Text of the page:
First, you invest. Then you earn a little interest on your investments, which then gets added back to the investment. But now the amount of your investment is a bit bigger, so next time you earn a little bit more interest, which gets added back again. And so on, and so on, so that Benjamin Franklin’s investment of $4,500 for the city of Boston in 1790 became $4.5 million by 1990, two hundred years later.
What many people don’t realize is that compound interest is the perfect metaphor for investing in projects, as well.
The website and app HappyCow was started in 1999 by Eric Brent (just one year after Google was founded, incidentally). These days, we know that HappyCow is the go-to resource for people looking for vegan and vegetarian restaurants—but it required twenty years of work (twenty years of investing in HappyCow as a project) to get to where it is today, and at any point Eric could have thrown in the towel and shut it down. With each bit of investment though, it became a more valuable resource. And as it became more valuable, more people used it, and Eric learned more about how to make it better. That’s how projects compound over time into something greater.
Mercy For Animals was also founded in 1999 and confined its work mostly to Ohio for the first several years of its existence, a much smaller domain than the half dozen countries it works in now. Similarly, PETA has been in existence since 1980 and spent much effort over its first ten years on a single case (contrasted with the dozens of campaigns it has running at any given point now). With each year of effort, both organizations grew their networks, grew their influence, and gained a bit of “interest” from their previous investments in the work.
Investing in the same project over time is just that—it’s an investment. And if you devote years of hard work to a big, important project, that investment will pay off. (Yay for compounding!)
Imperfect Solutions That Get Better Over Time
I think people are sometimes afraid of being failures (or of their projects failing), but that’s the wrong way to look at it.
First, every pursuit is a learning experience. You always have the opportunity to learn something you didn’t know before and use it in the future to improve your work. That’s hugely valuable.
Each organization and each person can only accomplish so much in this vast ecosystem of society that we live in. Life is hard—it requires a lot of work to learn new things, build new structures and institutions, or change existing ones. In order to achieve mastery of a domain (or truly creative synthesis of multiple domains), you need to put in a lot of focused work. Angela Duckworth found that grit is correlated with success—and grit basically means “sticking with something for a long time”. When you stick with something for a long time, you’re going to learn a lot. With each thing you learn, you’re able to build something better the next time.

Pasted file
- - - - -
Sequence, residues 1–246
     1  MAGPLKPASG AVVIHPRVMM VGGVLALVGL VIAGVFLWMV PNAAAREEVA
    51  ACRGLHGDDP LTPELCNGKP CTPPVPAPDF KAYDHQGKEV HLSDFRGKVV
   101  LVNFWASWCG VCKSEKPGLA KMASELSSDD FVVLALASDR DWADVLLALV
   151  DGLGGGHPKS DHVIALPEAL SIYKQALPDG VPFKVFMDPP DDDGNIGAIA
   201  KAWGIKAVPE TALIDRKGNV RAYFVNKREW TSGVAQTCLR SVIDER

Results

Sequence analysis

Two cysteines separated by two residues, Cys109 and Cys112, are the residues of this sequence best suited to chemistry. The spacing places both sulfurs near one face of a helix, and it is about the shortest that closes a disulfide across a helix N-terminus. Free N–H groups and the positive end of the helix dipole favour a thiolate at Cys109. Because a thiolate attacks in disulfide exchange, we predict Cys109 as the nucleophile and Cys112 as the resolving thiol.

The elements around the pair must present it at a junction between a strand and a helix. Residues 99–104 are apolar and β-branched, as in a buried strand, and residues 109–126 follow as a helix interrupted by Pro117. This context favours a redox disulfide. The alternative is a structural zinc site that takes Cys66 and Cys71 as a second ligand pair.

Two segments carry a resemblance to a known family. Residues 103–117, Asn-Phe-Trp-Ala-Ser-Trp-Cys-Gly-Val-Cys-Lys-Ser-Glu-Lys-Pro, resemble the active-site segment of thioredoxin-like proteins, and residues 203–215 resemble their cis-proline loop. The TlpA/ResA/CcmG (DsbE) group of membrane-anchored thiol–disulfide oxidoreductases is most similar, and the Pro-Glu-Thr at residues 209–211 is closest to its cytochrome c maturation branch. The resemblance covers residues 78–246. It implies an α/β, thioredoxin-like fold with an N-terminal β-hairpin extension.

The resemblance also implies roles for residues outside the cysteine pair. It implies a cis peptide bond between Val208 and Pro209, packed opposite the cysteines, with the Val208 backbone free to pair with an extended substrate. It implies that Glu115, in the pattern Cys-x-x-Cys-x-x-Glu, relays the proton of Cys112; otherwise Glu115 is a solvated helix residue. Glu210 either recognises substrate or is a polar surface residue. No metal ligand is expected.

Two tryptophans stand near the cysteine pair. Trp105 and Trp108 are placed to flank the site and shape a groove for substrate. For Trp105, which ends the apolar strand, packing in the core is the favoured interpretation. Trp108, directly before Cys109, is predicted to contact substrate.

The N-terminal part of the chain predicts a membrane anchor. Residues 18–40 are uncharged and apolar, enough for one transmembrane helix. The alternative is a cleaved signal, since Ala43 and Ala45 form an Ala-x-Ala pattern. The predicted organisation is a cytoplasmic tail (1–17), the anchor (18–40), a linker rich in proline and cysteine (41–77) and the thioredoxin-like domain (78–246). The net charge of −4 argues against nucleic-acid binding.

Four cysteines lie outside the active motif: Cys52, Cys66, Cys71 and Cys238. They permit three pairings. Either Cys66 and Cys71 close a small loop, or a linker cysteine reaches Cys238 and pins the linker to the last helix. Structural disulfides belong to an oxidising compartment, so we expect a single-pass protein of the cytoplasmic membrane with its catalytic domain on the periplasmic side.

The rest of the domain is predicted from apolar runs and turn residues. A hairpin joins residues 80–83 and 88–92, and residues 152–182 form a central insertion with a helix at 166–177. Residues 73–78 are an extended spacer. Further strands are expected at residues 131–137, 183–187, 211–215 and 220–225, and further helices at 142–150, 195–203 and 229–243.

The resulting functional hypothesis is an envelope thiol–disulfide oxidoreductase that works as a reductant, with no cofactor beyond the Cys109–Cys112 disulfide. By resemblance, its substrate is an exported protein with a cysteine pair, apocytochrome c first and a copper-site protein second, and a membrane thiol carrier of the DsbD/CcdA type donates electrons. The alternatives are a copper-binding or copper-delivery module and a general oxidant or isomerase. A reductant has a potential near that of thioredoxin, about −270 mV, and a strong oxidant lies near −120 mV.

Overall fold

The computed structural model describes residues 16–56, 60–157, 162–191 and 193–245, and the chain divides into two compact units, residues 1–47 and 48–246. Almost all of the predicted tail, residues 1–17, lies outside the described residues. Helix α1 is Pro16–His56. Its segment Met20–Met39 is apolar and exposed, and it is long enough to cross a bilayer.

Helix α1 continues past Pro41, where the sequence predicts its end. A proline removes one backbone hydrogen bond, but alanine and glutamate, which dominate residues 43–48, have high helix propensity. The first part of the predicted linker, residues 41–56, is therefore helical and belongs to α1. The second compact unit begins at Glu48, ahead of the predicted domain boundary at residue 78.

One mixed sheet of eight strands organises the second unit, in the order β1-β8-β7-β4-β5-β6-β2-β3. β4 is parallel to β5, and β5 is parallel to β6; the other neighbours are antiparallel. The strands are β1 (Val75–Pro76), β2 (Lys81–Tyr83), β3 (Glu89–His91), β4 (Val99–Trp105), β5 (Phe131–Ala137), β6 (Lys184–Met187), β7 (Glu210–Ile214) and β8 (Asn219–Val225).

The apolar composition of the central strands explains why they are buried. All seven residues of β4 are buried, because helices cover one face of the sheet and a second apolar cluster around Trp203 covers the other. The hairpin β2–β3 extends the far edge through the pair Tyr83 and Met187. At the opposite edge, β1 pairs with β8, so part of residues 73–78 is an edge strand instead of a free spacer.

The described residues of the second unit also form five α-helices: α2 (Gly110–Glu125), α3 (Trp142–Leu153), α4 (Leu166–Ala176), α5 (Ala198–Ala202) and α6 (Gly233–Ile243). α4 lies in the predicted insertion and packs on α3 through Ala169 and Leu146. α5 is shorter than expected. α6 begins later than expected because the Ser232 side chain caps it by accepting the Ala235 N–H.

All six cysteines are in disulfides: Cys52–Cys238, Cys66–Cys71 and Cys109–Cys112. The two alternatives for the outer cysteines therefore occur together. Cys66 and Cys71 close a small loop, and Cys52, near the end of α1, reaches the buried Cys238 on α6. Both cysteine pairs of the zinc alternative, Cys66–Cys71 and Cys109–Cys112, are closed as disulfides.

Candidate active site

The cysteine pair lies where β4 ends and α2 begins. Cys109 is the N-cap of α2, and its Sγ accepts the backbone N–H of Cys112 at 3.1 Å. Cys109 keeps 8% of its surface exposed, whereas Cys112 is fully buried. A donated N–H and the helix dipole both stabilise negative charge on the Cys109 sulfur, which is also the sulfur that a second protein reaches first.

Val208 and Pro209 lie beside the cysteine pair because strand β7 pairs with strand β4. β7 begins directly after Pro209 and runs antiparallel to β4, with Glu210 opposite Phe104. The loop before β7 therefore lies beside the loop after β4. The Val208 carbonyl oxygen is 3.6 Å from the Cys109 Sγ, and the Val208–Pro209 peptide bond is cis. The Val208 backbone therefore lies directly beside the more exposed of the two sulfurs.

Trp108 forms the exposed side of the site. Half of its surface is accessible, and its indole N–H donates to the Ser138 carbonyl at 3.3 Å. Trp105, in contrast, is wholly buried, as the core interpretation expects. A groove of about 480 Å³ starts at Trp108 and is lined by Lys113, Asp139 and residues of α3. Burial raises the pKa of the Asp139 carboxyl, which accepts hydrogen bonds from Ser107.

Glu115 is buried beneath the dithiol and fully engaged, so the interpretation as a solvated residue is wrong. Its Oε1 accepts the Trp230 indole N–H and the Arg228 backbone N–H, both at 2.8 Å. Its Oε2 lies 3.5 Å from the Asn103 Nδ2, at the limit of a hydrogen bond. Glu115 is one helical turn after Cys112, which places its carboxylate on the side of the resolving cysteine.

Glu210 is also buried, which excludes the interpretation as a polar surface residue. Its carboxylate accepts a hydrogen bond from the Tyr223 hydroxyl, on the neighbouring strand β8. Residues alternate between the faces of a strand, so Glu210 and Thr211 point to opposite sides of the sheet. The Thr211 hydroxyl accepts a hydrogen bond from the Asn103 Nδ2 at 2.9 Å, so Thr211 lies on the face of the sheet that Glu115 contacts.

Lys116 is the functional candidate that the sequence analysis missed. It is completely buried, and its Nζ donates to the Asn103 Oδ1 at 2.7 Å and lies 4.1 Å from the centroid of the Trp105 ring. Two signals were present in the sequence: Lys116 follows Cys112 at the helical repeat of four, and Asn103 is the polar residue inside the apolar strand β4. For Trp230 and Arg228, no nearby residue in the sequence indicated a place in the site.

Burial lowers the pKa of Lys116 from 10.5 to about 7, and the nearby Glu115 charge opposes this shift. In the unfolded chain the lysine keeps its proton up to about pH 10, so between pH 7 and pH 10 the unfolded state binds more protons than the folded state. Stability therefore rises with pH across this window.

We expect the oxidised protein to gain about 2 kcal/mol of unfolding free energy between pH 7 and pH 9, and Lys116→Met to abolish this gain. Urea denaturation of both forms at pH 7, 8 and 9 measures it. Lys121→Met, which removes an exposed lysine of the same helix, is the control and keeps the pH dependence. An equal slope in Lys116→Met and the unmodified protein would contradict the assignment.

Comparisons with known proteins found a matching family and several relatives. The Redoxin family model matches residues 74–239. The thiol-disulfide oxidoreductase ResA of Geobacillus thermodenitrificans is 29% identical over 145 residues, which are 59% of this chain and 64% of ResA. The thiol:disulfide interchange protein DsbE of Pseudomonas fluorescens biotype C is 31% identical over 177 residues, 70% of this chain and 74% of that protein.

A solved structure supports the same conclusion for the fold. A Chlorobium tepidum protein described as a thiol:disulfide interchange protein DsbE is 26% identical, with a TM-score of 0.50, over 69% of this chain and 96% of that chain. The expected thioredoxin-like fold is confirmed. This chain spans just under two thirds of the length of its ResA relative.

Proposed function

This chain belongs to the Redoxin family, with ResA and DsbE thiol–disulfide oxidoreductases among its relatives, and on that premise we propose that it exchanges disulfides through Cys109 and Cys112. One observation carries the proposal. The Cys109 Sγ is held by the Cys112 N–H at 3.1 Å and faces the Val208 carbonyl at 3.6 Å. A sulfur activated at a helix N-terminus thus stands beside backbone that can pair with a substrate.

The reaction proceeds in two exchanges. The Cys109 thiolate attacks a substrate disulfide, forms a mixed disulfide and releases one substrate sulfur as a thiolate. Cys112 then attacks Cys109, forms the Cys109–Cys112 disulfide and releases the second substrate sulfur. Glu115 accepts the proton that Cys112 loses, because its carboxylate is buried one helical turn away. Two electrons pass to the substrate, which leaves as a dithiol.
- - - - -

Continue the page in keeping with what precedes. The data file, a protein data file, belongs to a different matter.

Hence, your own 20-year project.
Second, nothing is ever perfect. Absolutely nothing. Frankly, the concept of a “perfect solution” doesn’t even make sense. The whole world is constantly in a state of breaking and repair, of trying and trying again, of getting it slightly wrong a million times and fixing it.
Nearly everything starts out bad, and then slowly—painstakingly, over the course of years of work—it gets better, bit by bit. This, in a nutshell, is the story of life—there are no perfect solutions, and nothing is ever finished. We create imperfect solutions and then try to improve them with time. Things do get better because of our efforts, but we’re never done.
It’s actually been really hard for me to accept that nothing is ever going to stop needing repairs. For example, Google is an amazing search engine—and it continues to be because a bunch of people at Google are constantly fixing it and improving it. Google is never going to be a “perfect” product, because perfection doesn’t exist. There are simply a series of problems (often big, fuzzy, ill-defined problems) and solutions to those problems (which are always imperfect in some way). And even when we do our best, things go wrong and we have to figure out how to move forward.